A news conference by the elusive ministry of defence of the United Arab Emirates was announced unexpectedly on 18 November 2009. The Dubai air show was all but over, but now the MoD would meet with the press on the afternoon of 19 November.

Until that moment it had appeared the air show - the most important aerospace industry event in the Middle East every other year - was a bust in terms of achieving clarity on several major defence orders.

Entering the event, industry officials ­wondered if a flurry of contract signings and announcements would finally settle several of the UAE's biggest armament decisions. ­Question marks hovered over potential deals for Dassault Rafale fighters, Alenia Aermacchi M-346 Master jet trainers and either Boeing 737 airborne early warning and ­control (AEW&C) platforms or Northrop Grumman E-2D Hawkeyes.

E-2D Advanced Hawkeye,

 © Northrop Grumman

The E-2D Advanced Hawkeye offers long-range AEW abilities

Fifteen minutes before the 19 November press conference was supposed to begin, a look around a room gave away the likely purpose of this event. Several executives of ­Alenia Aermacchi waited with a handful of ­reporters for the MoD representative to arrive.

Several minutes late, a uniformed UAE military officer entered, strode to the front and announced the press conference was ­cancelled - alas, there would be no answers for defence industry watchers at this Dubai air show.

It is now two years later, and remarkably the three biggest questions about the UAE's armament needs remain unanswered, along with another big-ticket mystery over the status of Saudi Arabia's acknowledged interest in acquiring another batch of 72 Boeing F-15E Strike Eagles.

Once again the Dubai air show is preceded by whispers of breakthroughs at bargaining tables, especially in regards to new fighters. But arms buyers in the Middle East have always proven fickle negotiators, and there are no guarantees for any company entering this event with hopes of a signed contract.

The lack of resolution on three of the UAE's biggest deals, however, does not mean the ­region's second-largest arms buyer behind Saudi Arabia has been idle. Indeed, the UAE has led the region's spending growth over the past decade. Military spending by the six-member Gulf Co-operation Council (GCC), which includes Saudi Arabia, the UAE, ­Bahrain, Kuwait, Oman and Qatar, has grown from about $49.6 billion in 2007 to $73.4 billion in 2011, including a $5 billion jump from 2010, according to market intelligence firm Forecast International.

Dassault Rafale,

 © Dassault

Rafale prices have forced the UAE to consider alternatives

Growth is expected to continue among GCC members at a 14% annual rate through 2015, when total spending would rise to $82.5 ­billion, Forecast estimates.

This does not include heavy investment by other countries, particularly Iraq's rapidly rebuilding military force. Forecast estimates that Baghdad will invest $12.5 billion annually in force structure, nearly equaling the ­annual expenditure of the UAE or Israel.

The increased spending of the past decade has elevated the GCC from a region dependant upon allies for security. Nowhere is this more evident than the UAE, which committed ­Dassault Mirage 2000 and Lockheed F-16 fighters to coalition air operations over Libya.News photos also revealed that Libyan rebels operated the UAE-based Adcom Systems ­Yabhon-N - a target drone likely converted into a unmanned air vehicle to provide ­airborne ­surveillance.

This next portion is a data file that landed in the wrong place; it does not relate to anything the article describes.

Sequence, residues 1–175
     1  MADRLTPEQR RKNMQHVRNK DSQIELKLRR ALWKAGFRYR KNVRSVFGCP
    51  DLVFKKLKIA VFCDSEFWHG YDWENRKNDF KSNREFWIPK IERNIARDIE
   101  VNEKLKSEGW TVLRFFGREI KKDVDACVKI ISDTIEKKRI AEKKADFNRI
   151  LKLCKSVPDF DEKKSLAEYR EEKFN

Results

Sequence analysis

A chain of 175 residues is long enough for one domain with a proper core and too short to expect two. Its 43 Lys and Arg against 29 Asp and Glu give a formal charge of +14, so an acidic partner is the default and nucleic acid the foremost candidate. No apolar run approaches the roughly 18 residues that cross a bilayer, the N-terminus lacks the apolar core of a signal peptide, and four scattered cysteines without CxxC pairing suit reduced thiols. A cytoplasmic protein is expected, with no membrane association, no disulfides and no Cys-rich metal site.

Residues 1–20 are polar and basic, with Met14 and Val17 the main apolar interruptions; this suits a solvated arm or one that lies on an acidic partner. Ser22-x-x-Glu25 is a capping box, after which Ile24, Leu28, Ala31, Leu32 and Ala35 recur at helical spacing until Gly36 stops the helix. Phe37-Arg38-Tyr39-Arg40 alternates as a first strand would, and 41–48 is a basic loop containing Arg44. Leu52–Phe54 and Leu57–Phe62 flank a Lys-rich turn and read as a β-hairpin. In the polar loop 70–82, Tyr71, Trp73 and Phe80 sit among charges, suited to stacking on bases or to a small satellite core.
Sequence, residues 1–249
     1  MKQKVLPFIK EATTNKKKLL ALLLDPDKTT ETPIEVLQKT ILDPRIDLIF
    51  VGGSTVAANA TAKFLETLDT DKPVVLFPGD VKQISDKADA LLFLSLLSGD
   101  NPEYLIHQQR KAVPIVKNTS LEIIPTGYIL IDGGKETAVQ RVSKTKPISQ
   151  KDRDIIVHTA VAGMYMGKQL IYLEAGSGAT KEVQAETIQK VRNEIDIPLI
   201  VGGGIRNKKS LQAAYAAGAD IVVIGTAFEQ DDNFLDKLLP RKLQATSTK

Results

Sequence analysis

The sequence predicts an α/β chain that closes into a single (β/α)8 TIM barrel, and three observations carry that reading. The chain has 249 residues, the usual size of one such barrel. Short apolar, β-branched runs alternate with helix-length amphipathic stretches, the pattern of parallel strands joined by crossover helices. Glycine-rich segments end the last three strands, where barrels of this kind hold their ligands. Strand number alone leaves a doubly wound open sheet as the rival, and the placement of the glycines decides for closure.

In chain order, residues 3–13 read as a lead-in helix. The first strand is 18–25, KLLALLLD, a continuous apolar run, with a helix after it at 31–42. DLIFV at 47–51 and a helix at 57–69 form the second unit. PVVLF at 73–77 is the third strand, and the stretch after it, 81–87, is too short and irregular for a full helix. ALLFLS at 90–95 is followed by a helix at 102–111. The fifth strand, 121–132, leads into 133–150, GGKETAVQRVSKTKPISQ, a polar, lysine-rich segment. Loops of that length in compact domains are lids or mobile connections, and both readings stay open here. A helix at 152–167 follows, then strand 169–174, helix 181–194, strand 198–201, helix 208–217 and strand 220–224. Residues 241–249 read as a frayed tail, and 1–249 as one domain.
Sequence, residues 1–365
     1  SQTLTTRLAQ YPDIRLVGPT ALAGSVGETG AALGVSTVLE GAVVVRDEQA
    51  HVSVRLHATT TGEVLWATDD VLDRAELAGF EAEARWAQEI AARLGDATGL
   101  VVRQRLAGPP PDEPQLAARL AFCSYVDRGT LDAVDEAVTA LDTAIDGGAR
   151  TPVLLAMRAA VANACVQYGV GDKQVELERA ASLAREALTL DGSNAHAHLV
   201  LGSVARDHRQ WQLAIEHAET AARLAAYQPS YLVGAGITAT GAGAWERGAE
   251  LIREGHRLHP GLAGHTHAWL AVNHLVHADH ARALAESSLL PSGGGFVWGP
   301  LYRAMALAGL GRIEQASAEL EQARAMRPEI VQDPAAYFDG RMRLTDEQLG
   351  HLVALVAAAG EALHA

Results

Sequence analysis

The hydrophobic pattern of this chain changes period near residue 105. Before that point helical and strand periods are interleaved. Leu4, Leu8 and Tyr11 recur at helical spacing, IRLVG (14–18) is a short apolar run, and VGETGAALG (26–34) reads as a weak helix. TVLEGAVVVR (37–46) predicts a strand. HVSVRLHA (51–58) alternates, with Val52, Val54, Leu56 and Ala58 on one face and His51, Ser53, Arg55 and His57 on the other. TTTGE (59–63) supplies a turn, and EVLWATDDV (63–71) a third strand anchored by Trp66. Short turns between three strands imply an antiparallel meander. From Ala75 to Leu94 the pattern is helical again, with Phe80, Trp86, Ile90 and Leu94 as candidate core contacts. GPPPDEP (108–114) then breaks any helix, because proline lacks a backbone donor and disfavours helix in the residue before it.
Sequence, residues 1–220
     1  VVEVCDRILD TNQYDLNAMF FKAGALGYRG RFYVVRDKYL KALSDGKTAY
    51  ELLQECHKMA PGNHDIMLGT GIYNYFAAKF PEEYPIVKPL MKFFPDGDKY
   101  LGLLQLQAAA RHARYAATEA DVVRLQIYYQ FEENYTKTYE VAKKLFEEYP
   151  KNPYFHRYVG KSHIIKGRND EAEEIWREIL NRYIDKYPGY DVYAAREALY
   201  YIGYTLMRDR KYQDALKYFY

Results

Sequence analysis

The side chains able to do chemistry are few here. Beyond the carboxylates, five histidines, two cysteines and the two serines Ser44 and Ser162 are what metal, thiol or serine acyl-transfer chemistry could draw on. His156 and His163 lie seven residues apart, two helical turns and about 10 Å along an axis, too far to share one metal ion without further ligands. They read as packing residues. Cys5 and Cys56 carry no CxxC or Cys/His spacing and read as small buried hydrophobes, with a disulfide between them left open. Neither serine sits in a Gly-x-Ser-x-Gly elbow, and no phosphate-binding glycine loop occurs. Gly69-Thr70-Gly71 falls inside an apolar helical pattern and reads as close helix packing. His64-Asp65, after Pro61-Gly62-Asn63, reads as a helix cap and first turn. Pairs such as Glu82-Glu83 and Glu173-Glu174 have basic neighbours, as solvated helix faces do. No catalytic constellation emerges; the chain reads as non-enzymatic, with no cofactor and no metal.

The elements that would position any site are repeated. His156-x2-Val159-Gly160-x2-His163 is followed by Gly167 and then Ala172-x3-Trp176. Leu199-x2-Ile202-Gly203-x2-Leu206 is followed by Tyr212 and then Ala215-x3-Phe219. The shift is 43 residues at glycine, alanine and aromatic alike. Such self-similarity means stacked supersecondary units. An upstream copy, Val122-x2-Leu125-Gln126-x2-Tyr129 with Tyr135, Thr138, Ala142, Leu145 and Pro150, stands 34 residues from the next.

Meanwhile, the UAE's biggest deals for fighters, trainers and command and control aircraft are still left to sign, but the MoD in Abu Dhabi has continued an aggressive ­modernisation programme since 2009.

The first contract was signed only a month after the show ended, when the UAE purchased 26 Sikorsky UH-60M Battlehawks on 30 December 2009. It also became the first customer for the AirTractor AT-802U, a light attack version of a popular crop duster.


Six Viking Air Guardian 400s - a special ­variant of the DeHavilland DHC-6 Twin Otter - purchased by a UAE company will also be operated by the country's military, according to the Stockholm International Peace ­Research Institute (SIPRI).

Meanwhile, in June 2010 the UAE added two more Boeing C-17 Globemaster IIIs to its previous order from a year earlier, raising its total fleet to six aircraft. The C-17 purchase was not a replacement, but a major capability expansion for the UAE air force. Its six C-130H-30s are waiting to be replaced by Lockheed C-130J-30s. It should come as no surprise that so much activity on the ­acquisition front could overwhelm the bureaucracy of such a small air force. The service's total manpower requirement is about 4,000 members.

Riad Kahwaji, founder and chief executive officer of the Dubai-based Institute of Near East and Gulf Military Analysis, emphasises the limitations of such a small force. Major acquisition programmes consume thousands of labour hours for negotiations and processing, the lengthy process for completing the largest deals reflects this reality perhaps more than any difficulties at the bargaining table.


But Kahwaji agrees with several recent press reports from Paris that a fighter deal is imminent. Unlike some reports predicting a Rafale-only deal, however, Kahwaji says he believes the situation is more complicated. The deal will likely be broken into two pieces, with the UAE air force acquiring both Rafales and more F-16 Block 60s. "The F-16 order is very possible," Kahwaji says. "I would not be surprised a bit."

The UAE already has almost 80 F-16 Block 60s, which feature the Northrop Grumman APG-80 agile beam radar and integrated forward-looking infrared sensor and targeting system. It was not expected to purchase ­additional F-16s, but the price of the Rafales has forced the UAE to consider alternatives to a sole-source buy from Dassault, Kahwaji says. The Block 60 variant of the F-16 is half the price of the Rafale bid, he adds.

Another major programme that could be decided in the near future is the UAE's future airborne early warning (AEW) platform. In 2009 the UAE postponed the decision, leading the air force to purchase two Saab 340 turboprops modified with the Saab Erieye radar as an interim solution.

Industry officials expected the Saab 340 system to serve as a training platform for the air force, allowing it to become more familiar with the AEW mission before committing to a final platform.